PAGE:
It was originally designed as a one-week training programme and whilst it did give more structure to the interview process it was found lacking in questioning guidance leading to poor questioning during interviews (Clarke and Milne, 2001). It has since been amended to ensure that the training includes internationally recognised interview concepts such as Free Recall, Enhanced Cognitive Interviewing, or Conversation Management.
Free recall allows interviewees to give their account of what happened, in their own words and at their own pace, with no interruptions. The interviewer can then use various techniques to enhance the interviewee’s memory performance.
Enhanced cognitive interviewing (Köhnken et al., 1999) is a sophisticated model, based on cognitive psychology processes, that builds on free recall, using additional techniques such as change of temporal order, reverse order, changing perspectives, sense/s utilisation, and memory jogs using context reinstatements. It is designed both to help recall and to motivate the subject without contamination of the account, especially where the interviewee is struggling with the recall of information.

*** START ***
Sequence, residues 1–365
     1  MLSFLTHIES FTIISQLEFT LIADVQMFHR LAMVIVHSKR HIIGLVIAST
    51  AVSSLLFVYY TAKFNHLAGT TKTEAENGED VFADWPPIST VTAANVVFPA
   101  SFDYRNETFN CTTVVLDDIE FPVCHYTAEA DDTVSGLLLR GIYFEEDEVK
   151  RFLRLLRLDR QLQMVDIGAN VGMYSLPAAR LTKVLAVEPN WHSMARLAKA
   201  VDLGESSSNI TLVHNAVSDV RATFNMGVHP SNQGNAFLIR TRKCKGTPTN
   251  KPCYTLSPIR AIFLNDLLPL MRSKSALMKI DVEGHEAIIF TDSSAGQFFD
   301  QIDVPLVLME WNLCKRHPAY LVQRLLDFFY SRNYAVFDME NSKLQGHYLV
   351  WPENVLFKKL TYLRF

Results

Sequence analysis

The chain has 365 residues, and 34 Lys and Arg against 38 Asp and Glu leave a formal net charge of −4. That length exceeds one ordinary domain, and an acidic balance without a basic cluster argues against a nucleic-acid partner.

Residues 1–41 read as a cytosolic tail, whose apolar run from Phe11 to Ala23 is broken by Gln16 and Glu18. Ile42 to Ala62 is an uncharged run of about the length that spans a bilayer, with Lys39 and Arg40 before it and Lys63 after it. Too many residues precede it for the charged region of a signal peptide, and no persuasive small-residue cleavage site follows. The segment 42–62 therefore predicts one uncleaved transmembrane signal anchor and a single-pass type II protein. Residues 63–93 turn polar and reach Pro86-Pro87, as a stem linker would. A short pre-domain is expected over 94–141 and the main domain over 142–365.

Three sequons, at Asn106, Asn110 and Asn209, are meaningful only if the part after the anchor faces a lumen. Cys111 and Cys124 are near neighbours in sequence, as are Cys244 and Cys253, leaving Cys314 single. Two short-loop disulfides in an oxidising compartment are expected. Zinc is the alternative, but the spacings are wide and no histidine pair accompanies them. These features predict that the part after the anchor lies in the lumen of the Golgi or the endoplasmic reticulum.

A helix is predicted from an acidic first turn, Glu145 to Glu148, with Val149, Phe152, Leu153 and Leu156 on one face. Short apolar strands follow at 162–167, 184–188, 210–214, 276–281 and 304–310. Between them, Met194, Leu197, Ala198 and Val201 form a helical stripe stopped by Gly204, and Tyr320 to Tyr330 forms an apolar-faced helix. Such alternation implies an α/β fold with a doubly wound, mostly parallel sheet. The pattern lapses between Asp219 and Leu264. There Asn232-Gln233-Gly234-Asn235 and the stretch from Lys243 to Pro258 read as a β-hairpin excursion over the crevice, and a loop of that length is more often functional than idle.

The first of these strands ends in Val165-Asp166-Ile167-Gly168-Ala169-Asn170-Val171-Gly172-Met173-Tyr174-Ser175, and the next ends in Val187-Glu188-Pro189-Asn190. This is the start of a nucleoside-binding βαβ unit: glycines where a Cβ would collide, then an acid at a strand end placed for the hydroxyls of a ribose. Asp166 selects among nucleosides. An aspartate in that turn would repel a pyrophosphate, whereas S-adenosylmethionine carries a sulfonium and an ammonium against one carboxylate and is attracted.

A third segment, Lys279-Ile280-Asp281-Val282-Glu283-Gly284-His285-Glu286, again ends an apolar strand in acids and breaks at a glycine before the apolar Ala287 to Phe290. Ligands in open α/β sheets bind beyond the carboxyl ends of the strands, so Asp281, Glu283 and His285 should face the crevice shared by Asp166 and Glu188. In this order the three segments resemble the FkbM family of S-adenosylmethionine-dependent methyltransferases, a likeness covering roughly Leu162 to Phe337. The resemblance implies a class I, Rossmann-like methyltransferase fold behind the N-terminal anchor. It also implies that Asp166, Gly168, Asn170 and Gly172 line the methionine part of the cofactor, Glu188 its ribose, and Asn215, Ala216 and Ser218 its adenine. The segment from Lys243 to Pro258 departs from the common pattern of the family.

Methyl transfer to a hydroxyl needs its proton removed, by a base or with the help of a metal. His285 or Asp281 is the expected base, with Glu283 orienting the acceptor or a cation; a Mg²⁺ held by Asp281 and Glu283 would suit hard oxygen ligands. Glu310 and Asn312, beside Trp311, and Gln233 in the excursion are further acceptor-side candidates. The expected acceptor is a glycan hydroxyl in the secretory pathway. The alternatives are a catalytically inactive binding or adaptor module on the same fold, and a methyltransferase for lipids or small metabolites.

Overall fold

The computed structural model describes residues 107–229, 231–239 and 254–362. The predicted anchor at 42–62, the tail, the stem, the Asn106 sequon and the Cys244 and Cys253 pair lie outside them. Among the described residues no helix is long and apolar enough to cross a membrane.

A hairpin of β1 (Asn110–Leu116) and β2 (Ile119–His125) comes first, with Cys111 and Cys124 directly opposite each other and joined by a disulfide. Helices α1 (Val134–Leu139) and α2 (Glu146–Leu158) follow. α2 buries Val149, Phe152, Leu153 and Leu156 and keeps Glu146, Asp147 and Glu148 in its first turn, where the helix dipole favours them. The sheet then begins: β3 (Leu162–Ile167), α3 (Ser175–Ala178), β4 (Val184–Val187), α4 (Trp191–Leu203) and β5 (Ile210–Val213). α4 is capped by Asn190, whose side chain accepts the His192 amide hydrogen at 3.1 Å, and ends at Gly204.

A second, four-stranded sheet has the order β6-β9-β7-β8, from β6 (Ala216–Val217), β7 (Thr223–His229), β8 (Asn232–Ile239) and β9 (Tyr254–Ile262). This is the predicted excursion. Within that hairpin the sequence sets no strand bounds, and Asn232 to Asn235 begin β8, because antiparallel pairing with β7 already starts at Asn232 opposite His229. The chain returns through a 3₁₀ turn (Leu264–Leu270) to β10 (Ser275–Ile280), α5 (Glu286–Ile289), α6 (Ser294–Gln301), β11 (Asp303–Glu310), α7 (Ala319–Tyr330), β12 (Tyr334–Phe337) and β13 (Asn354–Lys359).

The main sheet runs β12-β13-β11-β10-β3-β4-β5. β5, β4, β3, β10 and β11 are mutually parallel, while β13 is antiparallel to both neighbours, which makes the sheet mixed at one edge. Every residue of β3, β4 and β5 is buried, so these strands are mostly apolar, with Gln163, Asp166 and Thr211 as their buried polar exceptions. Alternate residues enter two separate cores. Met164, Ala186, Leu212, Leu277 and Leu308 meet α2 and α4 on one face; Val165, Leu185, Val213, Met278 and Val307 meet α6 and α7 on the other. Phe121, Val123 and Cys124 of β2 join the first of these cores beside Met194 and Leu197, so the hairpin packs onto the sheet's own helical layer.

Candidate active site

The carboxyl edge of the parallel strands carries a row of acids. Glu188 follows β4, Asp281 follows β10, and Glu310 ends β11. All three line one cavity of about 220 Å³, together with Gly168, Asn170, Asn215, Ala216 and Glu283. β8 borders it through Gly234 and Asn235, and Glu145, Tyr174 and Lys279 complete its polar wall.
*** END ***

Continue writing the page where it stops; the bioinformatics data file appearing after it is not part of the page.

Developed by psychologist Eric Shepherd, the CM approach is founded on three core elements in order to build a working relationship with any interviewee, whether that’s a suspect or a witness. It is also for use on unwilling interviewees, defined by Milne & Bull (1999) as “interviewees who remain silent, who give ‘no comment’ responses, who are non-co-operative, hostile, lying, evasive, etc”